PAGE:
Myspace and Immigration protests

For a project I'm working on, I have to see a lot of Black Panther veterans telling their political histories and debating a complicated and conflicting set of analyses on what went wrong with the party/parties. But they all agree about one thing: before they ever were part of the party, when they heard about Bobby Seale going to the California Legislature with guns, they knew what they had been waiting for and the beginning of a huge international phenomenon began. Not to fall victim to hyperbole, but a similar moment may have just happened and committed activists have to take note.

Television has been a danger since the beginning. The devil box offered a silver lining: we might just be able to slip a insurgent message (and invitation) through the signal into homes everywhere. Malcolm got it and so did Abbie Hoffman. With the onset of video games, the idiot box got stupider. Now the message was written out in code long before anyone ever saw it - no live camera to sneak behind, no producer fiending to fill his daily hour with content. And then the internet. The potential is pronounced. Indymedia, and the like, became the new way to broadcast upcoming protests. But it is also, in many ways, an anonymous cave that doesn't involve relationship with known characters. Great information sources, like ZMAG and (cough) History Is A Weapon (cough), offer the educational material, but haven't figured out how to assist in outdoor struggle and community building. Meanwhile, the new kids are increasingly plugging in, cell phones, Crackberry, and online social networking.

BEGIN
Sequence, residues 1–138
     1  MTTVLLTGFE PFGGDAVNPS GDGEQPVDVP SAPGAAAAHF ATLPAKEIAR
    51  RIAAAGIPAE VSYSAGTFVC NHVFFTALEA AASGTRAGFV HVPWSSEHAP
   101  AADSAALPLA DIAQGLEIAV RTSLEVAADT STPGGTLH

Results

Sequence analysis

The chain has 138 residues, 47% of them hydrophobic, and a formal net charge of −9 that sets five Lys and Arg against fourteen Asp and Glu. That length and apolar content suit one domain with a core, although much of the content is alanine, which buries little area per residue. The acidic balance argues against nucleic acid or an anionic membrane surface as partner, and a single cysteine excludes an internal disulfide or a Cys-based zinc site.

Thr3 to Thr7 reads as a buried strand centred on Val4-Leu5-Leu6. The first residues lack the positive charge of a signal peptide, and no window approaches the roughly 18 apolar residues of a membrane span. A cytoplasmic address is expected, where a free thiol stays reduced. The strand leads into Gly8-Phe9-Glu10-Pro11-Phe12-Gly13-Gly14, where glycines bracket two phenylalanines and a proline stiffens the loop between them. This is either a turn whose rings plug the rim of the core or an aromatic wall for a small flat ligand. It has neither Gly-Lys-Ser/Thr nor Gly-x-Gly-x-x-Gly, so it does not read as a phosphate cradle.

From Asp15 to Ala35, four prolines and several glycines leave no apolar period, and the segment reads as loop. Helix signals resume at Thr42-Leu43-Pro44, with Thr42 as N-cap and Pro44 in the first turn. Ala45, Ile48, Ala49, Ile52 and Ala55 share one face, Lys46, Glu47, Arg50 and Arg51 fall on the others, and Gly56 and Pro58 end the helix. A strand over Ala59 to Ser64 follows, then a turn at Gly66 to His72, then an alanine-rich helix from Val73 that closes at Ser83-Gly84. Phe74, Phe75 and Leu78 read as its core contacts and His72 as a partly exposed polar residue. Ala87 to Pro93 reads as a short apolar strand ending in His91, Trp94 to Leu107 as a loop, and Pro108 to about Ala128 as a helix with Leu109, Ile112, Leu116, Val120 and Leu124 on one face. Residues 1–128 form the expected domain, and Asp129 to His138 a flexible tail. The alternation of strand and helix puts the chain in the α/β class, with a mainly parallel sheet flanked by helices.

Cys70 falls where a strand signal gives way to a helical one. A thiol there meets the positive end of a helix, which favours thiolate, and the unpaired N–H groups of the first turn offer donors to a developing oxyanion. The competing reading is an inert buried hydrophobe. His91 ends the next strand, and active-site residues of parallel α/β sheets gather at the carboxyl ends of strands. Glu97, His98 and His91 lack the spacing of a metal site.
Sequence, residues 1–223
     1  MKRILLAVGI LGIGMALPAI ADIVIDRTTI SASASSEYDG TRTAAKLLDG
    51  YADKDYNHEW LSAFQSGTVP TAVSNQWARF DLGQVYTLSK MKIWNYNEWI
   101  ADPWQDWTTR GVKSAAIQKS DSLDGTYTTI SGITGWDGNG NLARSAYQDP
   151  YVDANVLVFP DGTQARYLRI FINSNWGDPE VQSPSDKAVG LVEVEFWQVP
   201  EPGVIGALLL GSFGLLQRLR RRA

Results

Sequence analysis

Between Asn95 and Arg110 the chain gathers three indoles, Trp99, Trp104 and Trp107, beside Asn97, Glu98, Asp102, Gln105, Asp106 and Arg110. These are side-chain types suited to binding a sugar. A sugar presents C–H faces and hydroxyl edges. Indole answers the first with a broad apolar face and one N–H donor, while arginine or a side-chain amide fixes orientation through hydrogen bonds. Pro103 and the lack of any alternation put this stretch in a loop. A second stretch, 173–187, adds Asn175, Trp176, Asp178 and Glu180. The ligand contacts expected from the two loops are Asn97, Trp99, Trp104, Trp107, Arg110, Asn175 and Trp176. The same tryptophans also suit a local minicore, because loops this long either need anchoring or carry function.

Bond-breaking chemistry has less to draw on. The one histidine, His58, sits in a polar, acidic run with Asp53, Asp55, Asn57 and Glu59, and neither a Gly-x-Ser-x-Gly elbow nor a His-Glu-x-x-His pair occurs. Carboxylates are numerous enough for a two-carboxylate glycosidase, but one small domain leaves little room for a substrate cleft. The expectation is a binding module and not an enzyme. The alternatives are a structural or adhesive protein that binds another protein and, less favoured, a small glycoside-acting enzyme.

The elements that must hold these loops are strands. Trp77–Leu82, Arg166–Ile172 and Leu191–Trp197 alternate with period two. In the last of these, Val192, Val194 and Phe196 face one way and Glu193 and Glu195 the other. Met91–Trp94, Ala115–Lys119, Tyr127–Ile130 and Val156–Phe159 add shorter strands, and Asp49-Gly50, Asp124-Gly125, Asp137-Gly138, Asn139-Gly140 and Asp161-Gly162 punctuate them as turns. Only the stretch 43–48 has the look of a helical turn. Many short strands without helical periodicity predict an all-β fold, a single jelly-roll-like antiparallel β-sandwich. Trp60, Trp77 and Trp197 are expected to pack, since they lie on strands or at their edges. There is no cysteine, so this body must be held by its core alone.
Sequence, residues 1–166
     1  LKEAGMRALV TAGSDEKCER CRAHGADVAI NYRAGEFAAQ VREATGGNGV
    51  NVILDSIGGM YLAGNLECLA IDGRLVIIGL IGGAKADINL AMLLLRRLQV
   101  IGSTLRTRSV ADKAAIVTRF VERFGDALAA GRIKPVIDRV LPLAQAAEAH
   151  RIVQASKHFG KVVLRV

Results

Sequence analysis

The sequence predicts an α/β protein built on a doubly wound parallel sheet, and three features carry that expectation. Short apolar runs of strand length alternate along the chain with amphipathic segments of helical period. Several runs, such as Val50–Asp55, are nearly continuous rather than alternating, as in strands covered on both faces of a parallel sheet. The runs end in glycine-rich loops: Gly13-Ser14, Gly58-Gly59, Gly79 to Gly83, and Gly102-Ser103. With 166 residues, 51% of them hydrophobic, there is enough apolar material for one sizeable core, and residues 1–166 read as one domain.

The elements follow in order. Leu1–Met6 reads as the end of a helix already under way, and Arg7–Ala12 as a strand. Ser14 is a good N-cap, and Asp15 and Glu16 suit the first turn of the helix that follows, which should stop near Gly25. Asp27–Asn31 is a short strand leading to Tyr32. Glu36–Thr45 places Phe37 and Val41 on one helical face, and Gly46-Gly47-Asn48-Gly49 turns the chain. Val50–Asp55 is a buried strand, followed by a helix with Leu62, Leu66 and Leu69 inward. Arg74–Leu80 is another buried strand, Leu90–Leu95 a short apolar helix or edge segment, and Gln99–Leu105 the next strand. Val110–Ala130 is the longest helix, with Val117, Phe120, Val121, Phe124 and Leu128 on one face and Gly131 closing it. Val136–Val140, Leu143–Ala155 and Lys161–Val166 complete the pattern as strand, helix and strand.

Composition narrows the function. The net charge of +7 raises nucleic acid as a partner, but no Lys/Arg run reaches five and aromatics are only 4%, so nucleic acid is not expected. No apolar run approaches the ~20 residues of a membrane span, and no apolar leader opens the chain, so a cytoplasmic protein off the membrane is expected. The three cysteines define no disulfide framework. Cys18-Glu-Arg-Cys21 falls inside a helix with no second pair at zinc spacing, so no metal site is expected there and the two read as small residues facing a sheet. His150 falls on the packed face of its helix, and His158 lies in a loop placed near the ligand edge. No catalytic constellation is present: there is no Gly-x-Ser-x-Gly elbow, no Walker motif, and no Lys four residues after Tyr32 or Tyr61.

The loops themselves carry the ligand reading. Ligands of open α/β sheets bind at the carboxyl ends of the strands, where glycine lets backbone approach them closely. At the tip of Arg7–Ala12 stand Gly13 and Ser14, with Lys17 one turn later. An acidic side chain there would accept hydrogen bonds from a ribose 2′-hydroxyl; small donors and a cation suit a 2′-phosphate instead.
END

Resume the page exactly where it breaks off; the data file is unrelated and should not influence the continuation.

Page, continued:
Briefly, there was a moment where we heard the rumble of flash mobs. Numerous people would sign up for an anonymous call to action: everybody shows up somewhere and does something. Yippee. This transformed a little bit with smart mobs, but the whole thing fizzled (so far....), especially after business owners figured it was easy to co-opt a crowd to their store by simply targeting themselves as the site of the insta-mob. I don't think we've seen the last of this kind of thing, but throughout it all, we've seen the growth of these enormous social networking systems. Friendster, myspace, black planet.

This post won't be the site of yet another deploring of the absence of our democratic common space. We can only decry the mall for so long. Yes, faux news and all the other corporate propagande is bad. But we can't simply whine, we have to ask ourselves, what are we, activists committed to changing the world, really here to do? What do we need? Where are we headed? How do we get there? These are simple questions with complicated answers.

We know that, despite that stupid bumpersticker about how (read in a whiny voice) "never doubt that a small group of people can change the world because, pat yourself on the back for shopping at the food co-op, we are the only ones who ever have" (end whiny voice). Change requires movements. Of course, bluffing for power is part of it and every powder keg needs just a short fuse, but masses and masses of people need to be actively involved, not just to stop the war or to end sweatshops or to get rid of nuclear plants, but to end this vile system that requires war and poverty and doesn't give a damn if a twelve year old made your shirt or if we're just planting future chernobyls. And where are the people?